According to Kluft, it is not possible to hypnotize someone to do something that obviously violates their beliefs or desires. In hypnosis, though, context is everything. Say, for example, an unethical hypnotist wanted to hypnotize a suggestible vegetarian to eat a steak. If the hypnotist simply put the vegetarian into a state of hypnosis and then presented him or her with a steak, identified it as a steak, and told the person to eat it, the hypnotized vegetarian would almost certainly refuse.
But if the hypnotist put a vegetarian into a state of hypnosis and then made repeated misleading suggestions that in a short period of time a waiter would deliver a mouth-watering, mock-meat, soy-based protein slab that would be both delicious and meat-free, and then proceeded to order genuine filet mignon, the vegetarian would probably be more amenable to taking a bite.
The very uncomfortable and very serious question, then, is whether an exceptionally suggestible human brain, manipulated in just the right way, might be seduced by its delusions into committing an act far beyond the violation of a dietary code — namely, gunning down a gifted politician in the early stages of an auspicious bid for the American presidency. Could a hypno-programmed Sirhan Sirhan really have fired on Kennedy if he didn't actually want to?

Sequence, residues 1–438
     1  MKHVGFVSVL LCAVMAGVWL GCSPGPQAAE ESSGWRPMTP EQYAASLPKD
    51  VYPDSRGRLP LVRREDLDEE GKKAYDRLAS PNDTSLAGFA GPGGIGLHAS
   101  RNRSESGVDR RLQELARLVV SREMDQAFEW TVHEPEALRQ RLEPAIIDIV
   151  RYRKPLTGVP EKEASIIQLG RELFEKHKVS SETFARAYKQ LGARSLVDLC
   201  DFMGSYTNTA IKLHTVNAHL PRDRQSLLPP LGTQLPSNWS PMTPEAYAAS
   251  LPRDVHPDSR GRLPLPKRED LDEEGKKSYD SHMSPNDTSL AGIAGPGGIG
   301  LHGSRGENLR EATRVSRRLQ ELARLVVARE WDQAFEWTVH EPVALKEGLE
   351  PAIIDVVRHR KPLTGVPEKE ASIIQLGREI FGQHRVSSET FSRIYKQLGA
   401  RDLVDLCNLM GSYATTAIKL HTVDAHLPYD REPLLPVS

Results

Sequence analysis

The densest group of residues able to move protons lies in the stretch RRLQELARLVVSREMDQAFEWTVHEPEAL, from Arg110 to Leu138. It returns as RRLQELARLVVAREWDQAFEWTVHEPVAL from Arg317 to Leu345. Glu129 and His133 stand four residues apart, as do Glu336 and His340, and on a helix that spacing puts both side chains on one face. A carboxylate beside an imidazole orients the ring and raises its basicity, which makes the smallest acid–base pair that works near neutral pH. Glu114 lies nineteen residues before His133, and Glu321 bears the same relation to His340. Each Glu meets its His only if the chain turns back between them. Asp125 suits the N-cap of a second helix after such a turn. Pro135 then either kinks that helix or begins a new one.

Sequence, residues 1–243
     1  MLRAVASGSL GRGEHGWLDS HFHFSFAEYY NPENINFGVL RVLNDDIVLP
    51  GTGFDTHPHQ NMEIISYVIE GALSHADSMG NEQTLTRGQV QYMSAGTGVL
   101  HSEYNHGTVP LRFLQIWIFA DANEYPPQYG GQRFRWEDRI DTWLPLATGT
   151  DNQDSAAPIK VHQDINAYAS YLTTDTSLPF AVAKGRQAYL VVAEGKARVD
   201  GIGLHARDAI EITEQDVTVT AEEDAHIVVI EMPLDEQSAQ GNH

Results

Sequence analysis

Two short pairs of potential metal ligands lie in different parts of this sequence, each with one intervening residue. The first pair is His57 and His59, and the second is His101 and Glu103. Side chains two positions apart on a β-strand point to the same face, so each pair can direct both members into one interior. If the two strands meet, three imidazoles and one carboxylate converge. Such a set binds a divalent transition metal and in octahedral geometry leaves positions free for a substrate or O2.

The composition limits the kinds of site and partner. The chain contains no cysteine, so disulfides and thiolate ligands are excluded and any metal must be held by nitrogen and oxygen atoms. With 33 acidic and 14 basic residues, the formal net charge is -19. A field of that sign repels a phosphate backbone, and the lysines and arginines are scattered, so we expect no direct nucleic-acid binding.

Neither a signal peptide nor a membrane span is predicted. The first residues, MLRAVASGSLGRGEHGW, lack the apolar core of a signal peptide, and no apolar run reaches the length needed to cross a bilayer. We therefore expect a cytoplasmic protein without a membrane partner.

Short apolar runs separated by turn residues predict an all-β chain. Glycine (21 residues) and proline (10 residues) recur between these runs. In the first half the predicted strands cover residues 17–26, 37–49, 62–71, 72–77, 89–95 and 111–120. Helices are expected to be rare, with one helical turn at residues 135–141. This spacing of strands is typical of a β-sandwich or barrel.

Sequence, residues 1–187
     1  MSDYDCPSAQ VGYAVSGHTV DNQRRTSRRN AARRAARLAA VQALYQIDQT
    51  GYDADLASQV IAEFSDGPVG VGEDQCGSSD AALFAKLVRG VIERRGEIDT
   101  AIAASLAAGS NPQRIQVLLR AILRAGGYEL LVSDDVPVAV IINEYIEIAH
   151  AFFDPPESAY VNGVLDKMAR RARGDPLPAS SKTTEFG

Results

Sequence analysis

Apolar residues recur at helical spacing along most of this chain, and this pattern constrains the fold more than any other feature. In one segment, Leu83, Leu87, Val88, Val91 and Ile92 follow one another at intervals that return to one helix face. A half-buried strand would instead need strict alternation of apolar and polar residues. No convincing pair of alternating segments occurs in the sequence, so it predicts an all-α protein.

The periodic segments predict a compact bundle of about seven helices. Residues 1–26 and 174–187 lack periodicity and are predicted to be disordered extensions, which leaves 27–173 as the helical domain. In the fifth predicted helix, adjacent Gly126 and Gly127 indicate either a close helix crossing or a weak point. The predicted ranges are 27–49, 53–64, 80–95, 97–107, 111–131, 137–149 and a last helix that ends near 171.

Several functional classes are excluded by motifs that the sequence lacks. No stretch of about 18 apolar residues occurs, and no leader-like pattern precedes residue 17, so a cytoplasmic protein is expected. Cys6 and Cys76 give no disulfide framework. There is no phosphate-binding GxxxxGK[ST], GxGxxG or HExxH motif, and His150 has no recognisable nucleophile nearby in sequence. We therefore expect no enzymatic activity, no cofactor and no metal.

There is not a simple answer. It is all but inconceivable that Sirhan could have been picked up off the street and then successfully hypnotized to kill against his will after one session with a master hypnotist, but if hypnosis is combined with brainwashing regimens and used to make persistent suggestions that a subject misperceive external circumstances and re-contextualize personal beliefs, its limits are not well defined, Kluft said.
"Post-hypnotic subjects can be induced to misunderstand their circumstances and, as a result of them misunderstanding their circumstances, do and say some things that are very likely to be potentially detrimental and injurious," said Kluft, careful to note that he cannot speculate on Sirhan's past or present mental state specifically, as he has not personally evaluated him. "In the most general sense, you can't make a person do something against their principles with hypnosis, but you can deceive them as to what's truly the case so that they may wind up doing something that they themselves regard as reprehensible but that they did under circumstances of not really getting the whole picture."
It would be very unlikely for an appeal be granted based solely on new evidence of hypnosis in a crime that occurred more than 40 years ago, said Stephen J. Morse, a professor of law and psychiatry at the University of Pennsylvania. But if Sirhan's attorneys do manage to win their client a re-trial based on any of their latest allegations, proof that he was in a state of hypnosis at the time of Kennedy's assassination would absolve him of responsibility. "All crimes require some prohibited act as one of the elements," Morse explained. "In most American jurisdictions, an act performed under hypnosis is not considered an 'act' and thus the defendant would simply be acquitted of the crime charged."
This story was provided by Life's Little Mysteries, a sister site to LiveScience. Follow Life's Little Mysteries on Twitter @llmysteries, then join us on Facebook.